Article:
Until recently, the major shows and campaigns "have featured girls who may be no more than sixteen, who are generally white and whose career is very short," said Cathy Edwards, the fashion director of Another Magazine, the biannual edited and published by Jefferson Hack. "It's not just about that any more, though. There's much more variety. There are more black models and you only have to look at the current campaigns to see that designers are using older models too, models who people recognise and respond to on an emotional level. It's much easier to make a connection with those women and that is definitely a good thing."
Edwards, who also styled Emma Cook's show, said good health and natural beauty, as opposed to a younger, more waif-like aesthetic, were her criteria. "Clothes are always going to look good on skinny people," she continued. "Models are like other-worldly creatures, they don't look like the rest of us but we wanted ours to be aspirational, to look healthy and to have a good colour. There's a big difference between a woman who is born that way and someone who has to starve herself to fit the mould."
Erin O'Connor, herself successful on runways and billboards, is more aware of this fact than most. Today she vice-chairs the British Fashion Council, is vice-president of London Fashion Week and is founder of the Model Health Sanctuary, a refuge for models working at London Fashion Week where they can eat well, rest in between shows and benefit from relaxation therapy and even counselling, should they need it.
"When I started out it was very different," O'Connor said. "We had a longer period of time to cultivate our careers and enjoy the moment. Fashion is all about a search for newness and often today new means young." She agreed, however, that the difference this week was remarkable. "You can actually see the girls gaining confidence, literally finding their feet." She also attributes the changing environment to the model-of-the-moment, Agyness Deyn, who with her peroxide blonde crop, determinedly individual wardrobe and idiosyncratic good looks leads the new individuality. "I think Agyness represents something really healthy," O'Connor argued. "Because her look and personality is so strong, the designers work with her, it is a collaborative process, she has a certain amount of power."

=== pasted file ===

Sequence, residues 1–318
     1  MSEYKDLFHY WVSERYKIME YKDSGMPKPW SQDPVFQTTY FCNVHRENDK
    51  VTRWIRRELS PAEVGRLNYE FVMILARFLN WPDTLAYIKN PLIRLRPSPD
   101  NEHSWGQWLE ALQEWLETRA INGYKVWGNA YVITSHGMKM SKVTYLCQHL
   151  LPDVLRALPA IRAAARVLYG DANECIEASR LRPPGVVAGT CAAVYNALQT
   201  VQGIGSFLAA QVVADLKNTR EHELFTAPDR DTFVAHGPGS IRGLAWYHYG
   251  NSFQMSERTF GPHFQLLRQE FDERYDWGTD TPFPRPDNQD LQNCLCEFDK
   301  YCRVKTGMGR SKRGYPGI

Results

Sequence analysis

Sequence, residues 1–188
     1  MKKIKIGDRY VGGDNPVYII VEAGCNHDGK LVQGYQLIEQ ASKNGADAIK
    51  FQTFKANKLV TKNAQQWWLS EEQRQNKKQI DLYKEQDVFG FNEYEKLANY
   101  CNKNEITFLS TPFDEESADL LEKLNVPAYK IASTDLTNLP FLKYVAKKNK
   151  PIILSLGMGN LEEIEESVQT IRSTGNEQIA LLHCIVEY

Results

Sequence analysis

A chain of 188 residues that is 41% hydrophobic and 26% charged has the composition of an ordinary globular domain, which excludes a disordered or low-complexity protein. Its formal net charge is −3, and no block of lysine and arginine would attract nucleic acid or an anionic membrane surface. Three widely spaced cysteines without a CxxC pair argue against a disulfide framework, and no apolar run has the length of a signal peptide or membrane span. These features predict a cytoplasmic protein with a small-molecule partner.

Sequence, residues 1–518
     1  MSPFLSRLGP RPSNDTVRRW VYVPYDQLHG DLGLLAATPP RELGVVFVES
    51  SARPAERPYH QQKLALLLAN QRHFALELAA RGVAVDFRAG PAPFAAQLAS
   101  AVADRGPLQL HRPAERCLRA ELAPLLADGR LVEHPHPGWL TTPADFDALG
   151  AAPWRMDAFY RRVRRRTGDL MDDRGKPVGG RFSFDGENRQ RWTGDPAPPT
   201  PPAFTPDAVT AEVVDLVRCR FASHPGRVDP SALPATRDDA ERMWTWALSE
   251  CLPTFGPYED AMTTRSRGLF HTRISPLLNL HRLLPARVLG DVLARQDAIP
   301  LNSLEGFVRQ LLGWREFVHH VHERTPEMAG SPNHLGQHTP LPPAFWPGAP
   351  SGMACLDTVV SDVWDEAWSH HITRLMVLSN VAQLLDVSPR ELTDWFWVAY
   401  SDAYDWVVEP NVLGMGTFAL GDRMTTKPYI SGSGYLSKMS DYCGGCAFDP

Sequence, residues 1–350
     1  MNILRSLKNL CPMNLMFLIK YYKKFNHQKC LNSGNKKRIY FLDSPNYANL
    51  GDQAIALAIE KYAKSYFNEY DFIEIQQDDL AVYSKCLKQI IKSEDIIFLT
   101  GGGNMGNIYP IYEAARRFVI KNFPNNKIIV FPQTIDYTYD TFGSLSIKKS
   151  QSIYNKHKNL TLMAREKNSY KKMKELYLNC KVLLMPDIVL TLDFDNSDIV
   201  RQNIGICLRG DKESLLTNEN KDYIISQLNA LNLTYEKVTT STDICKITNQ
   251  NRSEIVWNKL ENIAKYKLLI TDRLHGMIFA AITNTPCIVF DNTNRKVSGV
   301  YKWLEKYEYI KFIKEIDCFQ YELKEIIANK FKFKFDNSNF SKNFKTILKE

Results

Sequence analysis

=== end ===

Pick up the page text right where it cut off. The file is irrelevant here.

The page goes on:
She concluded: "Over the past year the look of the catwalk has been overwhelmingly positive, but we have to keep going with this. It would be wrong to say that all the problems have been solved because I've seen how young and vulnerable some of the models still are. It's going to be a constant challenge ... and it is up to all of us in the industry to take responsibility for that."
Giles Deacon: Couture polish meets pop culture. Sculpted 60s shapes were combined with 90s minimalism, sporty, techno fabrics and metallic hats inspired by Pac Man, designed by Stephen Jones.
Most star-studded front row
Vivienne Westwood: Guests included Kate Moss, Pamela Anderson and Dita von Teese
Most royal front row
Issa: Included princesses Beatrice and Eugenie, and Charlotte Casiraghi, daughter of Caroline of Monaco.
Best model moments
Naomi Campbell and Jourdan Dunn closing the Issa show hand in hand with the designer; Emma Balfour at Giles; Cilla Black, left, in top hat and tails at Fashion for Relief.
Most 'resistance is useless' trends
Jumpsuits, playsuits (including all-in-one knickerbockers at Henry Holland), crop tops, cropped leggings, 80s headbands à la Bananarama (Danielle Scutt and Topshop), distressed denim (Meadham Kirchoff and Henry Holland) and snow-washed denim (Topshop).
Most striking colour combination
Pink (particularly guava) and orange, as seen at Richard Nicoll and Sinha Stanic.
Roisin Murphy:For her multiple outfit changes and genuine originality; for example, a pork pie hat worn with a white dress and shaggy fur.
Most imaginatively dressed guest
Kabir:The stylist was a one-man fashion show. Outfits included a grey feathered wig, emerald green suit and furry bear suit with drawn-on whiskers.
Peter Jenson based his show on Jodie Foster's film costumes, from Freaky Friday (1976) to Silence of the Lambs (1991).
Carola Long, Deputy Fashion EditorReuse content